Conditional Provisioning with Dagger

In this article, you'll learn how to use Dagger for conditionally provisioning (providing) your dependencies without adding stress to your memory.

As your product grows. You often start trying out new things with it. Since we don't always know what'll work best for the users, we often try multiple strategies to solve a problem. This is done through some sort of an A/B test. However, this comes at a cost. The cost is that two distinct solutions exist in the same version of the app, to solve one customer pain point. Let's try to see it through a lens of an image editing application.

Introducing the Sample App

Imagine you have an app that allows users to edit photos and share them. For editing photos, we use a library called SimplePhotoEditor. This library could be your in-house implementation, a third-party proprietary solution, or even an open-source project that you are using, but that is irrelevant and I wanted to get that out of the way.

Now you come across a library called ComplexPhotoEditor which offers you better photo editing capabilities and promises higher performance when compared to its alternatives in the market.

As you are a very dedicated and passionate engineer, you decide that you want to give this new library a try in your app and see if your users find your app to be more useful, robust, and whatnot.

Understanding the Sample Use Case

Both the libraries require a lot of memory as soon as they are initialized and want to hold on to a significant amount of it, throughout their lifetime during the app's session. Not going to comment on the design of the library :]

So as soon as someone initializes an object of either of the two libraries we'd see a significant spike in resource allocation. Since we need at least one of the two libraries at all given times, we'll have to live with that overhead, however, having both of them taking up their fair share of resources doesn't really make sense. So in the next section, we'll look into implementing this behavior.  

Implementing the Use Case

Let's say we have an interface called ImageManipulationStrategy which has a method to manipulate the input and return an output.

interface ImageManipulationStrategy {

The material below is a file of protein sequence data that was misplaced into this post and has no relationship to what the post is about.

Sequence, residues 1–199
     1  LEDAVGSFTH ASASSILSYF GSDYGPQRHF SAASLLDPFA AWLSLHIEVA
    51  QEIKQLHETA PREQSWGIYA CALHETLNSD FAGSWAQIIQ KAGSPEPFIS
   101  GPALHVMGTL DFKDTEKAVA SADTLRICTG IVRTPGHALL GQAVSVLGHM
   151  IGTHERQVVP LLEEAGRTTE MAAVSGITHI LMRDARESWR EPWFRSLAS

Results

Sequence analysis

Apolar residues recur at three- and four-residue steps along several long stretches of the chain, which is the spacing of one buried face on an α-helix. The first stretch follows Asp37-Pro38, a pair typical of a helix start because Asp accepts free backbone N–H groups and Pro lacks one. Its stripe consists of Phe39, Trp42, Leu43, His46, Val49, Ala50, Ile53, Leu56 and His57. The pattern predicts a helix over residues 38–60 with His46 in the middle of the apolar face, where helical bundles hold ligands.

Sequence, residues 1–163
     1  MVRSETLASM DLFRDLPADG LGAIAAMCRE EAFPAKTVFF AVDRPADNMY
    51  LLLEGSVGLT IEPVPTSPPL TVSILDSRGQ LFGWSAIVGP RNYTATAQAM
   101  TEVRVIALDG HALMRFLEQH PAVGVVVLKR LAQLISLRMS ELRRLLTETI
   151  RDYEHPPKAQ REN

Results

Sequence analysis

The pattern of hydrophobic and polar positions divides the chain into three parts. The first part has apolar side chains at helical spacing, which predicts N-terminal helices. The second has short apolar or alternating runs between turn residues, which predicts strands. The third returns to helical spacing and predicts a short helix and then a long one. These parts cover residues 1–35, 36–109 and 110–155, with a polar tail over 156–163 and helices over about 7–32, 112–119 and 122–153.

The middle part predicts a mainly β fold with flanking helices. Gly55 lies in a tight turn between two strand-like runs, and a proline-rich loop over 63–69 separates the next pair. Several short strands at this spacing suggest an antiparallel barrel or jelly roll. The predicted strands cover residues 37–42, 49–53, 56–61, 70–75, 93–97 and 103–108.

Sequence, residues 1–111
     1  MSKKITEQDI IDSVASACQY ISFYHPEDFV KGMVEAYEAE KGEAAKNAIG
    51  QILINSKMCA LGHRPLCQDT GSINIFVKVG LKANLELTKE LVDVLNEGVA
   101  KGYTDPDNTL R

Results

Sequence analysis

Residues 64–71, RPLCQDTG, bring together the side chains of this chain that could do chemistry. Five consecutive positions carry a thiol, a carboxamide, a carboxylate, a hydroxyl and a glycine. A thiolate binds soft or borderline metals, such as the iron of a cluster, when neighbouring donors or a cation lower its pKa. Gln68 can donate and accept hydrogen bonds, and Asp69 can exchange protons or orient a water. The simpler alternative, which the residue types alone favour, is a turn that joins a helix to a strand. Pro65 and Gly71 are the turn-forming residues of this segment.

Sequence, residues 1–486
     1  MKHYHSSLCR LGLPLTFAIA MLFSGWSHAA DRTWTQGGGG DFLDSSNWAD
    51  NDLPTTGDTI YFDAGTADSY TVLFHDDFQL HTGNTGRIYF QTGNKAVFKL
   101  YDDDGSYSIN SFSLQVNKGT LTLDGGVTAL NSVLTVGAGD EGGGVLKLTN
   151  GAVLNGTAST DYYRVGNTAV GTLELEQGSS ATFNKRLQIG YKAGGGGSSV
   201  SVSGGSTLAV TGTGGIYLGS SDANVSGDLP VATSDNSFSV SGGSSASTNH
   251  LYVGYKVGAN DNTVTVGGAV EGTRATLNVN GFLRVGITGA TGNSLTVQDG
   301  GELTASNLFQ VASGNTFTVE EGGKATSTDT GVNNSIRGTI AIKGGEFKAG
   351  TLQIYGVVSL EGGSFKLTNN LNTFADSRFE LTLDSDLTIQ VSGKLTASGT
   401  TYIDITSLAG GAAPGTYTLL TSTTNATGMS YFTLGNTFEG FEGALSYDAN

fun manipulate(image: Image): Image
}

In order to support both the libraries, we have their respective implementations in our app, that look like this

class SimpleImageManipulationStrategy(
	private val SimpleImageEditor: simpleImageEditor
    ): ImageManipulationStrategy {
    
    	override fun manipulate(image: Image): Image {
        	// manipulate with simpleImageEditor
    	}

}

and this

class ComplexImageManipulationStrategy(
	private val ComplexImageEditor: complexImageEditor
    ): ImageManipulationStrategy {
    
    	override fun manipulate(image: Image): Image {
        	// manipulate with complexImageEditor
    	}

}

Now when using these strategies in other classes we can easily swap them in our Dagger Module like this

@Provides
fun imageManipulationStrategy(
    simpleImageManipulationStrategy: SimpleImageManipulationStrategy,
    complexImageManipulationStrategy: ComplexImageManipulationStrategy,
) : ImageManipulationStrategy {
    // provide the desired strategy
}

While this works fine, there is a problem with providing the dependency this way and we'll see that in the next section.

Understanding the Problem

As we can see Dagger at Runtime will not know which dependency we actually might get in our method, so it'll initialize both of them. So that whichever one we need, is readily available at our disposal in the method.

Having both of them initialized when we only know one is going to be needed, is the problem here. Now, this can occur in any case, where initializing a class is expensive and you might have to choose between those implementations, wasting resources on at least one of them.

The solution to this problem is pretty simple and we'll see that in the next section.

Understanding the Solution

Dagger exposes the Provider<T> class to us. So instead of using the default mechanism of providing the dependencies, we can defer the initialization by using this class.

The way it works is that Dagger will provide you the Provider<T> object and you can use it to get() the actual dependency.

Here is how it'd look in practice

@Provides
fun imageManipulationStrategy(
    simpleProvider: Provider<SimpleImageManipulationStrategy>,
    complexProvider: Provider<ComplexImageManipulationStrategy>,
) : ImageManipulationStrategy {
    return if (myConditionIsMet) {
        simpleProvider.get()
    } else {
        complexProvider.get()
    }
}

and this will ensure that Dagger doesn't initialize a dependency unnecessarily when we don't need it to.

Conclusion

  • You don't always want to rely on Dagger to provision dependencies for you directly.
  • You should always assess if any of your dependencies are hungry for resources.
  • It is possible to conditionally provision dependencies in your graph at runtime, with Dagger.
  • Dagger exposes a class called Provider
  • When using an object of Provider<T>, Dagger won't initialize the dependency unless the get() method on this object is called.
Ishan Khanna

Ishan Khanna

Polyglot Mobile Engineer who loves solving problems and monetizing them. Talk Personal Finance, Investing, New Product Ideas and Hustle with me! Twitter - @droidchef
Los Angeles, CA